Getting Started With Educational Technology

For a number of years I’ve given workshops to faculty (both at the U of S and my previous institution) and I teach an undergraduate course in educational technology. Regardless of the group that I’m speaking with, I always give the same few points of advice and thought it appropriate to share them here.

  1. Start small. Pick one or two tools to try out instead of trying to do everything at once. Don’t start a blog, join Twitter, introduce clickers into your class, take a crack at blended learning, and try to redo all of your presentations in Prezi. You’ll only get frustrated and likely won’t stick to using any of it because you won’t have a chance to get a clear view of what possibilities these hold for you and your students.
  2. Never post anything online that you wouldn’t want your boss, mother or grandchildren to see. Facebook is not private. Twitter is definitely¬†not private. Even email can end up in the hands of the wrong person (have you ever accidentally had autocomplete come up with the wrong name and then you sent the email without noticing or had someone forward a message they shouldn’t have?). I also point out the grandchildren part because the Internet is the new permanent record.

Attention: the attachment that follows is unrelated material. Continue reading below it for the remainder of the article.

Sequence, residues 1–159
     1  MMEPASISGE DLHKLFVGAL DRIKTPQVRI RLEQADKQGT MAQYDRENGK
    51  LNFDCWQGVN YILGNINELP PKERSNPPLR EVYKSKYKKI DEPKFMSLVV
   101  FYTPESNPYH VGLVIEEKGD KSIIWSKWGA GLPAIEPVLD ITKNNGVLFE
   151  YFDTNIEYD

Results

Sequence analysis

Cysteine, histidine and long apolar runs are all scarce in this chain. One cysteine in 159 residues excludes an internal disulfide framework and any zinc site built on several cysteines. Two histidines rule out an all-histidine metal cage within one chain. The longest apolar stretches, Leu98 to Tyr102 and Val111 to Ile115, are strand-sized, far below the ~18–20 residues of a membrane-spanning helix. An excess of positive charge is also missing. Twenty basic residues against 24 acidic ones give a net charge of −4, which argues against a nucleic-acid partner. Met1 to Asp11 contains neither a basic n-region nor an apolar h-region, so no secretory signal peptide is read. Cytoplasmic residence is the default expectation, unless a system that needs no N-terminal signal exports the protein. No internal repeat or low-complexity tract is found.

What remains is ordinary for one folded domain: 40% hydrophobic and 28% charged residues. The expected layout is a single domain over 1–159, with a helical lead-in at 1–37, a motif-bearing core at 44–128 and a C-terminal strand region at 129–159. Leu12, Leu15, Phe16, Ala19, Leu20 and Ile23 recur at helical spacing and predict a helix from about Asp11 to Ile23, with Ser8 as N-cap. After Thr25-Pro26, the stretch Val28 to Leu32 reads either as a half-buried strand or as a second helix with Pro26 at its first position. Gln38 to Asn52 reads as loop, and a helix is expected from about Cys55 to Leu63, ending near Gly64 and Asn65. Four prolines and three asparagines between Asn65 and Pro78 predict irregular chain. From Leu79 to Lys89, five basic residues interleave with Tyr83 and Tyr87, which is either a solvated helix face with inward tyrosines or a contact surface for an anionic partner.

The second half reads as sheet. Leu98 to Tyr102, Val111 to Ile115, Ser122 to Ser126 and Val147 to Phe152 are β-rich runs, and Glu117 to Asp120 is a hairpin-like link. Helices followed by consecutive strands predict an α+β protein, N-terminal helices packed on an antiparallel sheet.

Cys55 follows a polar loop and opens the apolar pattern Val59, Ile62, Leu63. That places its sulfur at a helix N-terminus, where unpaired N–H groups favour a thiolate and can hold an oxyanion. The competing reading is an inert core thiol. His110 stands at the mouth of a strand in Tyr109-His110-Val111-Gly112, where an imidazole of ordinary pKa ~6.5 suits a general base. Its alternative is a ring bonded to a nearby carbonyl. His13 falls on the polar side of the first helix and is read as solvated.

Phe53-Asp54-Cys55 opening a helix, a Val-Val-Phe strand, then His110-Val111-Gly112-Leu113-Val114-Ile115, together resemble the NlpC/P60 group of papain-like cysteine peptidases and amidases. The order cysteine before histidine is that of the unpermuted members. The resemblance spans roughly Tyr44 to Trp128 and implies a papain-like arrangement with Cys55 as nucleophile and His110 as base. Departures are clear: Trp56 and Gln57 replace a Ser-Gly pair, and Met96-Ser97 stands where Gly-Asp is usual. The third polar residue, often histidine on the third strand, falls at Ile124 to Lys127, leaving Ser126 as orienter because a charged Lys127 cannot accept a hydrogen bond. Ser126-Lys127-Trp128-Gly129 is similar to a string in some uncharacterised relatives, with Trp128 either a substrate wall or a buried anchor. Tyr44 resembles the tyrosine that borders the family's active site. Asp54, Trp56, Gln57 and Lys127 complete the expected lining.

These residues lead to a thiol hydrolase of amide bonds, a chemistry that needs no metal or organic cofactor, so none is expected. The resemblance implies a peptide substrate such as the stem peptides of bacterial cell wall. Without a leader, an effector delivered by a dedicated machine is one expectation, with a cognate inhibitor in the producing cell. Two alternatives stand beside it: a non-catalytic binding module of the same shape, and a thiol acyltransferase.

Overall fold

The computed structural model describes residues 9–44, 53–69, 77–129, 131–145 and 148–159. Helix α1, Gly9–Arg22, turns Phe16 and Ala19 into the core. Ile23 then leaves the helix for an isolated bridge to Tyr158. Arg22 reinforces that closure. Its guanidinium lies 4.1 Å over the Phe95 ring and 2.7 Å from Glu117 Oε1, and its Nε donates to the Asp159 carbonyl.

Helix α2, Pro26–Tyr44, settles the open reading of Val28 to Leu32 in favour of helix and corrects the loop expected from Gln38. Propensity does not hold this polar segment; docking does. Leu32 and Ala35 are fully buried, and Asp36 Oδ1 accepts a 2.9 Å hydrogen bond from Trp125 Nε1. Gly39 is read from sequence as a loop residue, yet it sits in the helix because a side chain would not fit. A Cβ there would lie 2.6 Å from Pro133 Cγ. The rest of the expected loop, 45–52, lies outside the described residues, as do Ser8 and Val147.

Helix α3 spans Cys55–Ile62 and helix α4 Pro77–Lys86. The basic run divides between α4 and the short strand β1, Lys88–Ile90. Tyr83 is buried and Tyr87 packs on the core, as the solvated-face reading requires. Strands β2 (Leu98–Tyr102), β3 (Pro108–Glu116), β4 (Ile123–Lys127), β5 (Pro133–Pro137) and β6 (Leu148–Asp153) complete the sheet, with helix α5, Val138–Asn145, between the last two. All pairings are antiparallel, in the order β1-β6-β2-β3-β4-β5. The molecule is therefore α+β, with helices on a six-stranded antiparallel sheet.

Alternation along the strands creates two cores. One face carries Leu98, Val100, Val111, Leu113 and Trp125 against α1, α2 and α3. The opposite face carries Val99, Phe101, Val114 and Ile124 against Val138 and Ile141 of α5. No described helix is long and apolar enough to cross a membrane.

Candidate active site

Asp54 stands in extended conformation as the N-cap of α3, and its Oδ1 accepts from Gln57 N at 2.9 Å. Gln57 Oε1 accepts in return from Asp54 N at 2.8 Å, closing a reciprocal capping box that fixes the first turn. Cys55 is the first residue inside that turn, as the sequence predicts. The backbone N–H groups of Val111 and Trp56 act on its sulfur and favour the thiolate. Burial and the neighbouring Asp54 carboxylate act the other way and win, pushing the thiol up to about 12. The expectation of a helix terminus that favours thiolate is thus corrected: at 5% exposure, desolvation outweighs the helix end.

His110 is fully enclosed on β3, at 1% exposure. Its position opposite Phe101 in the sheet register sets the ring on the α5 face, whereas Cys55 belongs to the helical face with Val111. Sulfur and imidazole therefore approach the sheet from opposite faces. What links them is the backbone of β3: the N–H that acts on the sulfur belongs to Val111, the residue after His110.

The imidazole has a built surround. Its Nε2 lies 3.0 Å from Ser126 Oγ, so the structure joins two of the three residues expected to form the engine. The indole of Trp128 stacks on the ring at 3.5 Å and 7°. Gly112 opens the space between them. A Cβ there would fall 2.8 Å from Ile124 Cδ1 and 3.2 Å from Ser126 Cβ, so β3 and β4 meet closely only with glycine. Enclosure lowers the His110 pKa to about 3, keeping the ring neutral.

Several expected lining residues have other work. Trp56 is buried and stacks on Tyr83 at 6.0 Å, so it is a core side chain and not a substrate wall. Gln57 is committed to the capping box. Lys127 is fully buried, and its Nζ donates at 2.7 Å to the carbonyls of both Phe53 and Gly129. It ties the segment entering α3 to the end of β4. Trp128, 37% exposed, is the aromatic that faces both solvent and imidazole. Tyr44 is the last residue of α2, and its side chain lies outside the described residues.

3. Always try out a tool or Website before you ask your students to do the same. Just as we shouldn’t ask students to read a book or article we’ve never even looked at, we shouldn’t do this with technology either. Make sure that you have at least¬†a basic familiarity with a tool before asking your students to use it. You need to be sure of the capabilities you expect the students to make use of or you’re going to run into a lot of issues along the way.
  4. Before introducing a new tool or Website into your course (or your own learning) figure out what issue or objective you’re trying to address and then find the best tool for the job. Don’t pick up a hammer and then look for something to whack.

Educational technology, while when integrated well can help facilitate the learning process, only causes more problems when chosen simply because you heard “everybody’s using it” or in a way that could be reckless for your career or marriage (posting inappropriate party pictures to Facebook). Think of what you want to accomplish, find something that might help you do the job (ask us at GMCTE or colleagues who use educational technology or even students), learn how to use it, see what it can do for your own learning and then integrate it into your teaching.

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